Unpaid internships: How students can tell when they’re really unpaid labour

One student tells our iStudent unpaid internships 'are just another way in which upper and middle-class people are exposed to greater opportunities'

Anna Griffiths
Thursday 03 December 2015 17:44

It’s that time of year again. In just about every corner of every university library, students are hunched over their desks, staring at a blank form - internship applications.

During first semester, universities start reminding students they need to think about applying for summer internship schemes. These schemes are often hypercompetitive, and applications require a lot of care and thought. CVs have to be bulked-out and dressed up until they look their most impressive. So when a student actually gets accepted, there is much to celebrate.

Employees, nowadays, expect candidates to have completed internships, and value work experience as much, if not more, than good grades. Yet the schemes they offer are often unpaid.

Advocates of unpaid internships argue they’re good experience, they help students make contacts, get a ‘foot in the door’, look keen to work, and could even lead to a job. This all may be true, but it doesn’t mean you shouldn’t be paid. Your hard work benefits a profit-making company, and you should be recognised for that work. After all, you’re presumably doing the internship to improve your career prospects, and a paid internship shows your labour was valuable to the company. Beth, a student at the University of Birmingham, said: “You’re essentially doing the work their employees would have been doing anyway.”

The cost of unpaid internships - London Live

Even if a student finds an internship, because so many of them are unpaid, they may end up not taking it - they can’t afford to. Yasmin, an international relations student believes unpaid internships “are just another way in which upper and middle-class people are exposed to greater opportunities.”

Companies that only offer such opportunities are doing both you and themselves a disservice. The Government’s common best practice code for high-quality internships makes the persuasive case that “paying a salary for internships helps to facilitate wider access to the profession and will attract the best candidates for the role.” This is widely believed amongst students.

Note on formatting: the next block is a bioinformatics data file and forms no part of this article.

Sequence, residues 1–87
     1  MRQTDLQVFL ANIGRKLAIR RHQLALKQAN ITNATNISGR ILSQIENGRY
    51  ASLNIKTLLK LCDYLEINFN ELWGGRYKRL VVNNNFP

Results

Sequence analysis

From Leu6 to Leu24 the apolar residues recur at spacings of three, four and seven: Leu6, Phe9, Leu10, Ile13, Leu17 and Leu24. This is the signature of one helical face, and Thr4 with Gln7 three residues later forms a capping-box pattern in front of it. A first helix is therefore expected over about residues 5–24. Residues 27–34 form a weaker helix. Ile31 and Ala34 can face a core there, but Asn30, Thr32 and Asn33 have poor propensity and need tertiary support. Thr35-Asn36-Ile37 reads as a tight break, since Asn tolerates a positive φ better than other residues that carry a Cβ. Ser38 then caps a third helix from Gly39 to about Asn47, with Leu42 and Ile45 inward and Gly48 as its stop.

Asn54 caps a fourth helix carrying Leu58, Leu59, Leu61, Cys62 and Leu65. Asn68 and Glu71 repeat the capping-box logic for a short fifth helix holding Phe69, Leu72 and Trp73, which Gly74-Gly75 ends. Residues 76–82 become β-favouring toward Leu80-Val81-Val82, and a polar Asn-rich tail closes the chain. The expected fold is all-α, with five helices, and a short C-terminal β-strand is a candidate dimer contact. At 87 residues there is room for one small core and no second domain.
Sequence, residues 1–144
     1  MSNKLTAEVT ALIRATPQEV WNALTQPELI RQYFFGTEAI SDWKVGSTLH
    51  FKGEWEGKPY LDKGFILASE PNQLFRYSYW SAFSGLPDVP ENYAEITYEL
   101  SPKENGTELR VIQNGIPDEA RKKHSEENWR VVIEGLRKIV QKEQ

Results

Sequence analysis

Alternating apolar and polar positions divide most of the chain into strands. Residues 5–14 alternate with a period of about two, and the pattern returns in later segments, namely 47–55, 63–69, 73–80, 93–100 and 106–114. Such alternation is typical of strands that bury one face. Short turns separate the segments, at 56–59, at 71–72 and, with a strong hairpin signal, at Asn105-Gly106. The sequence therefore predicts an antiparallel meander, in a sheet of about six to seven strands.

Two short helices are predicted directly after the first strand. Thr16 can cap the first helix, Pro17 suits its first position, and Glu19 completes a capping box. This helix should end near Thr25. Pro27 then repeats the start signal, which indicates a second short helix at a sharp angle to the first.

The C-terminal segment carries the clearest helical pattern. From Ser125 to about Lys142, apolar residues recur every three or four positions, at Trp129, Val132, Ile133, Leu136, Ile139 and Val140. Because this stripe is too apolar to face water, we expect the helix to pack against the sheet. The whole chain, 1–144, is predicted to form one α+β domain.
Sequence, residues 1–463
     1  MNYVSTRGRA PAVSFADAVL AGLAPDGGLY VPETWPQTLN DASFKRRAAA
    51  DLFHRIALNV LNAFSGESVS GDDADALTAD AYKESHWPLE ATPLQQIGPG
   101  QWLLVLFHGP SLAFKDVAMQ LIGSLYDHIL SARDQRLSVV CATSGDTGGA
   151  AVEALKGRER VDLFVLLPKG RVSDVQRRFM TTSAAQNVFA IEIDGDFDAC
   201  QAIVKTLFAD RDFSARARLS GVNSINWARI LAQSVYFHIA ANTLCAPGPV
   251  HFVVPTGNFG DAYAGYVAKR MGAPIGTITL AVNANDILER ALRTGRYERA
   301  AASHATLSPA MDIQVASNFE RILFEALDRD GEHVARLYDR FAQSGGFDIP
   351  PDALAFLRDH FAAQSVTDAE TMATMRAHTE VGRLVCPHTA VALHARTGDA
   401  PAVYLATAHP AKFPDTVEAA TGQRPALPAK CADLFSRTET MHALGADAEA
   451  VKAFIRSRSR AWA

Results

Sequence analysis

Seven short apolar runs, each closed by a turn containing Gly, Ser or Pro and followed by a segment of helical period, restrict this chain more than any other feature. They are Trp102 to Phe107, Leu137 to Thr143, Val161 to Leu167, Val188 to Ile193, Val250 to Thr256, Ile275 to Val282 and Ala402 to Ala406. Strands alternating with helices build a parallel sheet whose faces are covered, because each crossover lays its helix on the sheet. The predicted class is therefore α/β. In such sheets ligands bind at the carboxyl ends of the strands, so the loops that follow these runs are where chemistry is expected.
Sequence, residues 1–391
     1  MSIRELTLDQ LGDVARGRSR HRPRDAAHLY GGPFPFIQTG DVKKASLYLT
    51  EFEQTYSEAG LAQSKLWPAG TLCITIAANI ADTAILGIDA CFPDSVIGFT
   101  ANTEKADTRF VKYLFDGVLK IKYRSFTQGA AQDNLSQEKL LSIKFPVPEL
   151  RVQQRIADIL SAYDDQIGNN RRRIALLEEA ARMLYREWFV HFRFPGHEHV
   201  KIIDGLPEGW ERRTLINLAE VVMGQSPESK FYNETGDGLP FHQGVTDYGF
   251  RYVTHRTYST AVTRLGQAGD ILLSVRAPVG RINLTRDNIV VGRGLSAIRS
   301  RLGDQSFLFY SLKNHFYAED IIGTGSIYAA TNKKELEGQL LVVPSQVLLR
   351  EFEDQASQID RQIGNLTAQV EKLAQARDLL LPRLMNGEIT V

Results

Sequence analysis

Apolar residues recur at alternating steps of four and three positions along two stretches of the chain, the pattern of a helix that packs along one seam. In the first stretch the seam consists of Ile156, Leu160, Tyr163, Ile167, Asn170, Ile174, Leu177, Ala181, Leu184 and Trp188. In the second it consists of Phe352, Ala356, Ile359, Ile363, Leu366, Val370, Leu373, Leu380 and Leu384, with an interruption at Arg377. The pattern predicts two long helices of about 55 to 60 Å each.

Giulia, a politics student, said: “It is obviously mutually beneficial to pay your interns as the company would receive serious applications from people who would probably want to work for them in the long-run.” Being willing to do unpaid labour doesn’t make you a keener or better candidate - just one fortunate enough to be able to work for free.

The fact is, if you are working set hours and are being given set tasks, you probably should be paid at least minimum wage, even if you are willing to work for nothing. It’s important you take this up with your company, if not for your sake and a few more pennies in the bank, then for the sake of your peers who can’t afford to do three months of unpaid labour. By demanding your pay, you are creating a fairer internship system.

So how do you know if you are entitled to wages?

There are strict rules about labour in the UK, which are outlined on the easily accessible Government website.

If you are classified as a ‘worker’, then you are due at least the minimum wage. A ‘worker’ is generally someone who has an agreement or contract (it doesn’t have to be written) to do work for a reward. This could be money, or the promise of a future job. They are obliged to turn up to work - even if they don’t want to - and the employer has to provide work for them to do for as long as the contract or agreement lasts.

Sound familiar?

It can be hard to ask for pay. Companies will often run the line that they are doing you a favour, and you in fact owe them. If a company argues they can’t afford to pay you, then it says a lot about a company that relies on free labour in order to stay afloat.

Speak to your supervisor about being paid, and how you believe you are doing valuable work for the company. More often than not, they’ll agree with you and will resolve things. They key is treading the line between ‘demanding pay’ (don’t) and explaining why you ought to be paid (do). After all, you’re smart, eager to learn, and helping the company. Something is due.

Twitter: @AnnaPhoebee

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